© 2011 Pearson Education, Inc. The debate over climate change is over Conservative think tanks and industry-sponsored scientists cast doubt on the scientific consensus The news media tries to present two sides to an issue -But the sides’ arguments are not equally supported by evidence Most Americans accept that fossil fuel consumption is changing the planet Al Gore’s An Inconvenient Truth helped turn the tide -People who disliked his politics rejected his message
© 2011 Pearson Education, Inc. “Climategate” In 2009, a hacker illegally broke into a university’s computer in the U.K. Private s seemed to show questionable behavior by a few scientists in using data Climate deniers accused the entire scientific establishment of wrongdoing and conspiracy -The story was widely told in the news Investigations showed no evidence of wrongdoing -Media accounts misrepresented the contents These hacked s do not call into question the vast array of results by thousands of scientists over decades
© 2011 Pearson Education, Inc. Shall we pursue mitigation or adaptation? Most people accept that our planet is changing -They are searching for solutions Mitigation = pursue actions that reduce greenhouse gas emissions to lessen severity of future climate change -Energy efficiency, renewable energy, protecting soil, preventing deforestation Adaptation = accept that climate change is happening -Pursue strategies to minimize its impacts on us -Seawalls, leaving the area, coping with drought, etc. Both are necessary
© 2011 Pearson Education, Inc. We need both adaptation and mitigation Adaptation: even if we stopped all emissions, warming would continue Mitigation: if we do nothing, we will be overwhelmed by climate changes The faster we reduce our emissions, the less we will alter the climate
© 2011 Pearson Education, Inc. Electricity generation The largest source of U.S. CO 2 emissions -70% of electricity comes from fossil fuels -Coal causes 50% of emissions To reduce fossil fuel use: -Encourage conservation and efficiency -Switch to cleaner and renewable energy sources A coal-fired, electricity-generating power plant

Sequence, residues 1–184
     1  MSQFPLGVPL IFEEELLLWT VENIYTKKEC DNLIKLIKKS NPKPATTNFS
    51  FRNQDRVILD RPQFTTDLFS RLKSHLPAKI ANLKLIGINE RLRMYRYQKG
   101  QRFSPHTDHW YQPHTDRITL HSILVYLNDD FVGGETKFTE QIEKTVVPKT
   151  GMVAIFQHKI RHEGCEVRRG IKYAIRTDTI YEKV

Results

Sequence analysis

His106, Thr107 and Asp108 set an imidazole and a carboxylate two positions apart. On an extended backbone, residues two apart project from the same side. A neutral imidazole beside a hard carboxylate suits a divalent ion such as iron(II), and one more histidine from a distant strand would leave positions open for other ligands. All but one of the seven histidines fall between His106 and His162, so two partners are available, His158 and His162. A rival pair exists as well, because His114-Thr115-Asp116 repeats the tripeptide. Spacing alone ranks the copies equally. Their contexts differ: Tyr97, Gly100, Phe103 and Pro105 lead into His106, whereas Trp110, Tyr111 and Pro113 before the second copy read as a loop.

© 2011 Pearson Education, Inc. Conservation and efficiency We can make lifestyle choices to reduce electricity use -Use fewer greenhouse-gas-producing appliances -Use electricity more efficiently The EPA’s Energy Star Program rates appliances, lights, windows, etc. by their energy efficiency -Replace old appliances with efficient ones -Use compact fluorescent lights -Use efficient windows, ducts, insulation, heating and cooling systems
© 2011 Pearson Education, Inc. Sources of electricity We need to switch to clean energy sources -Nuclear power, biomass energy, solar, wind, etc. We need to consider how we use fossil fuels -Switching from coal to natural gas cuts emissions 50% -Cogeneration produces fewer emissions Carbon capture = removes CO 2 from power plant emissions Carbon sequestration (storage) = storing carbon underground where it will not seep out -Use depleted oil and gas deposits, salt mines, etc. -We can’t store enough CO 2 to make a difference
© 2011 Pearson Education, Inc. Transportation 2nd largest source of U.S. greenhouse gases -Cars are inefficient Ways to help: -More efficient cars -Hybrid or electric cars -Drive less and use public transportation -Live near your job, so you can bike or walk U.S. public transportation saves 4.2 billion gallons of gasoline and 37 million metric tons of CO 2 emissions
© 2011 Pearson Education, Inc. Conventional cars are inefficient
© 2011 Pearson Education, Inc. We can reduce emissions in other ways Agriculture: sustainable land management lets soil store more carbon -Reduce methane emissions from rice and cattle -Grow renewable biofuels Forestry: reforest cleared land, preserve existing forests -Sustainable forestry practices Waste management: treating wastewater -Generating electricity by incinerating waste -Recovering methane from landfills Individuals can recycle, compost, reduce, or reuse goods
© 2011 Pearson Education, Inc. We need to follow multiple strategies There is no magic bullet for mitigating climate change Most reductions can be achieved using current technology that we can use right away Stabilization triangle = a portfolio of strategies, each one feasible in itself, that could stabilize CO 2 emissions -Reducing 1 billion tons of carbon per year for 50 would eliminate one of the seven “wedges” This approach is not enough – we need to reduce, not only stabilize, emissions